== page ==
Conditions Are Always Neutral


On pg 254 of the Essence of the Bhagavad Gita, Yoganandaji is quoted: "Conditions are always neutral ... They only appear good or bad, joyful or sad, fortunate or unfortunate owing to the positive or negative attitudes [and expectations] of the mind." Could you please explain this quotation? How are conditions which produce suffering, like illness, neutral? Similarly, how are conditions like the meditative state where we experience joy, peace, even bliss neutral?

—Sameera, India


Dear Friend,

In the deepest recesses of the human mind (and the cosmic mind behind all things), bliss is the only reality. The unceasing flux of pleasure and pain and all the pairs of opposites necessarily means they are conditional states of being. Just as scratching a mosquito bite can feel both pleasurable and painful, the conclusion that one sensation is pleasurable and another painful is determined by the response of the lower mind (ego) to the sensation.

Saints and masters have continually demonstrated the power to rise above pain (and pleasure). The Spirit is victorious over all conditional states, whether objective or subjective. Meditation, more than any other single tool, can re-direct our self-identification from the body and ego-mind to our eternal, ever-blissful, ever unconditioned Self. It is in the Self, therefore that we are above suffering.

Buddha demonstrated this. Jesus did so on the cross (when he forgave his tormentors). Yogananda gave several demonstrations of being pain-free in the midst of the body’s obvious injury or pain. Our teacher, Swami Kriyananda, used to test himself by never taking Novocaine when he went to the dentist (which was frequently owing to childhood deprivation).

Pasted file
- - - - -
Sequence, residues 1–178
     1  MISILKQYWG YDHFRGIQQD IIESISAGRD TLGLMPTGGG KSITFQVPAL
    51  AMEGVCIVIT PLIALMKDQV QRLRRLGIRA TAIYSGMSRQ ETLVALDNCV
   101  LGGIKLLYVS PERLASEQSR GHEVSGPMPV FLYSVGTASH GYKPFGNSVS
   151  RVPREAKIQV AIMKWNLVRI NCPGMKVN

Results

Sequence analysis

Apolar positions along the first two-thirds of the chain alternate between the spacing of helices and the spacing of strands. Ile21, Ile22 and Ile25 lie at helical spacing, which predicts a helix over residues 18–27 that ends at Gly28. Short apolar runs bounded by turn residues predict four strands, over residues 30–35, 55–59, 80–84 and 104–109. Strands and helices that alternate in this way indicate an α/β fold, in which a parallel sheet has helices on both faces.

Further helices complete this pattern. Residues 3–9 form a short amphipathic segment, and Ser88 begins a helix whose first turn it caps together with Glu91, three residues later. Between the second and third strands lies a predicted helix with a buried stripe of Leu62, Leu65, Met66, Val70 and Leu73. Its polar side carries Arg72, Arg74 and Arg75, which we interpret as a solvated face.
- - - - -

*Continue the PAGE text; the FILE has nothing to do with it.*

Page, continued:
I know what I am saying sounds extreme to the average person but many adepts have demonstrated “mind over matter.” Great saints have raised the dead or resurrected their own bodies from the ether of atoms to appear to a disciple.

And yes, even the joy of meditation is something we should accept with equanimity for we cannot know how long or deep it will last. Every great saint attests to the “dark night of the soul (ego, actually)” wherein at some point, usually right before samadhi or enlightenment, the inner light of divine consolations are removed as the final test of faith. If at the point of what seems like utter destruction of one’s consciousness one remains steadfastly conscious and in surrender to God, the test will be passed and the light returns.

So, YES! I am not saying this is easy to do but it IS worthwhile to live in this way and with this expectation of our own transcendent, ever-blissful nature as our true reality. Is it not true that when you have a cold or illness or are injured (or are poor, despised, rejected) that we know intuitively that such conditions are foreign to us and (should be) but temporary? Do we not reject pain (and are suspicious of pleasure) as a lasting, permanent reality?

At the same time, we also feel that pain (or pleasure) will, from that point forward, be our permanent reality? We go back and forth, in other words, in our response to these high and low states. “Fiat lux” All is flux! Cling to God; cling to the soul’s blissful nature! God alone as one great saint would put it: God alone!

Chant with the Adi Shankyacharya: “I am free, I am free, blissful Spirit I am HE!”

Nayaswami Hriman
Seattle WA USA